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ESBC weighs ‘alternates’ to proposed new school budget

by | Aug 16, 2023 | Education, Featured: Education

The Elementary School Building Committee will vote on a budget for the proposed new Elmwood School on Aug. 22, the same date the School Committee is expected to endorse it.

Currently, the ESBC is looking at a total cost of $158,894,578 and discussed an estimated maximum reimbursement amount from the Massachusetts School Building Authority of $46,598,079.

But the bulk of Tuesday’s more than two-hour meeting was spent looking at a series of “alternates” that would either add or subtract to the overall cost.

The ESBC opted to go along with the recommended deduction alternates, which subtracted about $600,000.

Selected changes included deleting the proposed irrigation system serving the physical education field and play field (saving $198,240); having an overflow parking lot made of stone dust or crushed gravel ($223,707); and raising the grade at the physical education field and road by about one foot ($243,292).

The latter would be accomplished by keeping 20 percent — or 7,000 to 8,000 cubic yards — of loam that otherwise would have to be hauled off the site.

The committee anticipates discussing more alternates before taking a final vote.

For example, a change to tile in some areas like classroom wings and the third floor “main spine” could decrease the cost by $144,319.

Tim Persson, the school district’s facility director, noted that he has witnessed “a lot of bubbling of materials” where less expensive materials were used for Marathon School five years ago.

Persson said he sees those areas having to be replaced in about five years.

ESBC vice chair Tiffany Ostrander said an upgrade made sense for the proposed new school because young kids “pick at things or put a foot on a wall.” A change to material that is more durable would save ultimately on replacement and maintenance, she said.

School Committee member Amanda Fargiano said that she would like to see this alternate put at the top of a list of things to “fold in” at a future time.

Superintendent Carol Cavanaugh asked that samples of the possible materials be brought to the next meeting to see and feel firsthand.

ESBC chair Jon Graziano asked about the consistency of appearance within the school if comprised of a mixture of materials throughout the building.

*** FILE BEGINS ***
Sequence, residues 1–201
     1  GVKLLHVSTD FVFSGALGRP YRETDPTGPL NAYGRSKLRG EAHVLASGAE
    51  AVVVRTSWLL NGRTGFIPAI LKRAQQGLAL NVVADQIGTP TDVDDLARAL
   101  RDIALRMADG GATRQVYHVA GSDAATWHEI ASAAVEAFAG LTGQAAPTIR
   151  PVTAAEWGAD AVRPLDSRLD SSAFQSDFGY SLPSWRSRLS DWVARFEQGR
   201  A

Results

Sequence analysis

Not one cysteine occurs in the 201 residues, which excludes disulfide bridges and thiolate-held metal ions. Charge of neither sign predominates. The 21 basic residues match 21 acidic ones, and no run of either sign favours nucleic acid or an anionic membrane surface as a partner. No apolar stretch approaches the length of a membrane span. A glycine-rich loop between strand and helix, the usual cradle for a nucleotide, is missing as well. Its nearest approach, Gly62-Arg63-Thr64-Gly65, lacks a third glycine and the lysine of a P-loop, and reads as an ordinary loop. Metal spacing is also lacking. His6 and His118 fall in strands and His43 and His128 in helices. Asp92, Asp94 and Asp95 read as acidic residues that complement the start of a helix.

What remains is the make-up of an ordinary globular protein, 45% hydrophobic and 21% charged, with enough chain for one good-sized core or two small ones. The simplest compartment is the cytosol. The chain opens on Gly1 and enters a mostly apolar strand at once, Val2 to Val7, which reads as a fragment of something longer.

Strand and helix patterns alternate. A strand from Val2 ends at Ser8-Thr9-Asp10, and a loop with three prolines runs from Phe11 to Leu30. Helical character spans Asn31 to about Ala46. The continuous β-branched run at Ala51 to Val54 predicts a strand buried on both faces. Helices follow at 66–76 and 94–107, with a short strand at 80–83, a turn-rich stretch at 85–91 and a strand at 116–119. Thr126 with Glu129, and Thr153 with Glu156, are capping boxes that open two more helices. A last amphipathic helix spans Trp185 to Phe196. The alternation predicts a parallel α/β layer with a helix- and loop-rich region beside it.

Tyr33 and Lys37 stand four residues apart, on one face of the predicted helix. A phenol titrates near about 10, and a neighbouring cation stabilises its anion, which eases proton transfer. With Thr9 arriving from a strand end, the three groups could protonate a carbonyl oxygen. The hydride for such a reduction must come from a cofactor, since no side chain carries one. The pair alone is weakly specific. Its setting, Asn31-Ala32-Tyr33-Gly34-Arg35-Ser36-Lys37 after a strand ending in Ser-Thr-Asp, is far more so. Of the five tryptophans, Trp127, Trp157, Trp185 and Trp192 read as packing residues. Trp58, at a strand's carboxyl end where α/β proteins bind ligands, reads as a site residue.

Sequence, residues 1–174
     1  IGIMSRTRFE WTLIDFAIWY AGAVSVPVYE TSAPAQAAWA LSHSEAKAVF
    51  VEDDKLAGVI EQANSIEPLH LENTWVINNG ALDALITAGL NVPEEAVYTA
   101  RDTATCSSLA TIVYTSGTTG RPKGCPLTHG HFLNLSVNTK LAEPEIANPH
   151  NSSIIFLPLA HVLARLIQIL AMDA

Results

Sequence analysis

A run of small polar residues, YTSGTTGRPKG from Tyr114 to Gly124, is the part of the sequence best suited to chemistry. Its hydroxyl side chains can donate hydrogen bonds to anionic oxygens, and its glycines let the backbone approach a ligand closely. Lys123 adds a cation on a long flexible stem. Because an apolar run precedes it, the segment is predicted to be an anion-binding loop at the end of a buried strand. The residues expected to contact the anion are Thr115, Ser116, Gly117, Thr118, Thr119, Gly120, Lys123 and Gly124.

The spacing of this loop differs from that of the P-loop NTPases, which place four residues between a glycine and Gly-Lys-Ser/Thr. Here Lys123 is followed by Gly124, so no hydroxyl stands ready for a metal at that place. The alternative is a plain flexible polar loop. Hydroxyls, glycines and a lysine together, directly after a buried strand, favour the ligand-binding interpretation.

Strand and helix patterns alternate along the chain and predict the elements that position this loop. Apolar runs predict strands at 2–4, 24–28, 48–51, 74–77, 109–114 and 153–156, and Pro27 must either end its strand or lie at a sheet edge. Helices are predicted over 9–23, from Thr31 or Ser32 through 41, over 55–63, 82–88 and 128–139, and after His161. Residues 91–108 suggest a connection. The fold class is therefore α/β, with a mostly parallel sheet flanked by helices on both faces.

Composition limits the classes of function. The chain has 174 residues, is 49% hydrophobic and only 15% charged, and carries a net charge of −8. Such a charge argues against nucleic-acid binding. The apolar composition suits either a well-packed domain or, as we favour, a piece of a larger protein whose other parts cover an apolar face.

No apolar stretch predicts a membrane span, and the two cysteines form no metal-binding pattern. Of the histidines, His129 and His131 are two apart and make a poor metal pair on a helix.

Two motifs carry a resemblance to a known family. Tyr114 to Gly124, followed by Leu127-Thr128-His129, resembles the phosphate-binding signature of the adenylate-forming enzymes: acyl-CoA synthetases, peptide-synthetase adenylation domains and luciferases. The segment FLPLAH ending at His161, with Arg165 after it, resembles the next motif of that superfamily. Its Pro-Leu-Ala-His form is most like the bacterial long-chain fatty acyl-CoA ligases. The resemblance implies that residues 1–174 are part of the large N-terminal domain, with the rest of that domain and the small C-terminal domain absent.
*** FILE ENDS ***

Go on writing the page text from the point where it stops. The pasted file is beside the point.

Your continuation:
“You are traversing a threshold. … You are not stepping out of a school and into a prison,” said Jeff D’Amico, Vertex project director.

Graziano joked that ensuring the school did not look like a prison would be “a standard we want to achieve.”

Another alternate that prompted discussion involved a “green roof,” either unoccupied at a cost of $95,000 or occupied having Canadian plant species and used as an educational tool with insulation value, according to Perkins Eastman educational programmer/principal Robert Bell. The latter had a proposed cost of $244,346.

He clarified that students would not walk on the roof.

ESBC member Mike Shepard said that as someone who had grandchildren who could attend the new school, “I don’t want them on the roof.” He said that they had discussed the same thing when building Marathon School, and the proposed Elmwood replacement had enough insulation.

“We don’t need green stuff to make it warmer,” Shepard said. “We have plenty of green stuff outside and playing fields. … This seems to be an extravagant expense with no practical [value].”

Cavanaugh said that while it might be “nice to have,” she agreed it was not worth the expense.

Representatives from Vertex will return at the next meeting with more information about the kinds of piping material used in geothermal systems. Another alternate involved returning to steel at a cost of $264,320.

Another discussion centered around outdoor learning spaces. The current plans call for three — one for each grade housed at the school.

Vertex senior project manager Chris Eberly noted the cost for the spaces included things like a shade structure, benches, picnic tables and an additional surface area. The total price estimate is $40,000 apiece, or $120,000 total.

Eberly said these spaces are near the recess area and could be used by students who would want or need something other than physical activity.

Ostrander said the Elmwood faculty strongly expressed what a great opportunity these spaces would provide for students to learn outdoors.

Persson noted the outdoor learning spaces were not being created. Instead, they are taking advantage of outdoor space that exists and using it to benefit students, he said.

ESBC member Bill Flannery said that $22,000 for “raised planters for vegetable gardens” outside was something “people would have a hard time with. … It’s causing angst out there.”

He questioned who would maintain the gardens during the summer and suggested scouts or landscapers could build some raised beds as a project.

Other members talked about the garden clubs at Elmwood and Hopkins and how important they were to students.

Graziano said considering all the reductions the committee had made to “aesthetics” of the building, if the gardens gave back “ a little atmosphere” to the site, he was in favor of them.

Cavanaugh said “student learning is at stake” if outdoor learning spaces are cut or altered further. While she said planters are “nice to have,” she is more concerned about outdoor spaces in general.

Additional upcoming meetings include Aug. 23, when the ESBC will meet with the Select Board for an endorsement, and Aug. 29, when there will be a vote to approve the final schematic design submission.

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